All right? (Candidate A), it's your turn first. Here are your topics and some ideas to
use if you wish.
Place Part 2 booklets, open at Task lA/B, in front (~feach candidate. *

G Approximately one minute of preparation time.


All right? Now, (Candidate A), which topic have you chosen, A or B?

Candidate A Interlocutor

Confirms topic. (Candidate B), please listen carefully to (Candidate A's) talk, and then ask him/her a question about it. (Candidate A) would you like to start talking about [state chosen topic] now please?

Candidate A Interlocutor

G One minute.
Thank you. Now, (Candidate B), can you ask (Candidate A), a question about his/her talk? G Up to one minute. Thank you. Now, (Candidate B), it's your turn. You will have a minute to choose and prepare your topic. After you have finished your talk, your partner will ask you a question. All right? Here are your topics and some ideas to use if you wish. P lace Part 2 booklets, open at Task 2A/B, in front of each candidate. *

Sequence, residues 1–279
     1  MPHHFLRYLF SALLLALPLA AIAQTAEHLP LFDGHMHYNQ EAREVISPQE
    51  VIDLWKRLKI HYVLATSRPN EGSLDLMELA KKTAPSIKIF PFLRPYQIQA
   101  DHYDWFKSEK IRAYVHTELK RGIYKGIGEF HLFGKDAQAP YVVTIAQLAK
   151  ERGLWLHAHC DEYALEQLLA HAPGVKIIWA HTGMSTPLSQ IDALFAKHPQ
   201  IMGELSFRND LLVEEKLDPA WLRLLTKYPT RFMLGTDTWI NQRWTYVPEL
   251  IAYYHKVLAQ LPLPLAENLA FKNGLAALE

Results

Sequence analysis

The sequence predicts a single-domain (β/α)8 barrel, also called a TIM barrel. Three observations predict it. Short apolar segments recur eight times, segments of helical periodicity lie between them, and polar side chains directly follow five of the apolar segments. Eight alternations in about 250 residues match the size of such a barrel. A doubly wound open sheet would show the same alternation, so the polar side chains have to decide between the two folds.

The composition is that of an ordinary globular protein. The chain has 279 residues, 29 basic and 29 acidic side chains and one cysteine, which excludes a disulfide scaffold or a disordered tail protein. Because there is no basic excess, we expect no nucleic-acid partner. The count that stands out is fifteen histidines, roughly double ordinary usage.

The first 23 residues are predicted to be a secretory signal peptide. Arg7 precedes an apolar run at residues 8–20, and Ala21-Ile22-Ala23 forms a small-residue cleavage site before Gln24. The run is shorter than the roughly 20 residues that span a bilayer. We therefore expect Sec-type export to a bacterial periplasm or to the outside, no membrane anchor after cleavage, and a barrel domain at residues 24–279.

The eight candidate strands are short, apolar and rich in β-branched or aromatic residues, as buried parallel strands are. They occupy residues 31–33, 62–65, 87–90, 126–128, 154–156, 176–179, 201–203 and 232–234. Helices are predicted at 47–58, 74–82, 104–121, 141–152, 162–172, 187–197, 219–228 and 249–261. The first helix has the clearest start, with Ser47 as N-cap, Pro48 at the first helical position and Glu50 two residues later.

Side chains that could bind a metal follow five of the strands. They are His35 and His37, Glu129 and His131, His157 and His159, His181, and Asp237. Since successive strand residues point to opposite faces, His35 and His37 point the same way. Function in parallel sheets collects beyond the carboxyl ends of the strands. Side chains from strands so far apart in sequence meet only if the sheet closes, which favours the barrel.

Candidates Interlocutor

G Approximately one minute of preparation time. All right? Now, (Candidate B), which topic have you chosen, A or B? Candidate B Interlocutor
Confirms topic. (Candidate A), please listen carefully to (Candidate B's) talk, and then ask him/her a question about it. (Candidate B) would you like to start talking about [state chosen topic] now please?

Candidate B Interlocutor

G One minute.
Thank you. Now,(Candidate talk? A), can you ask (Candidate B), a question about his/her

Candidates Interlocutor

G Up to one minute. Thank you. Can I have the booklets, please? Retrieve booklets.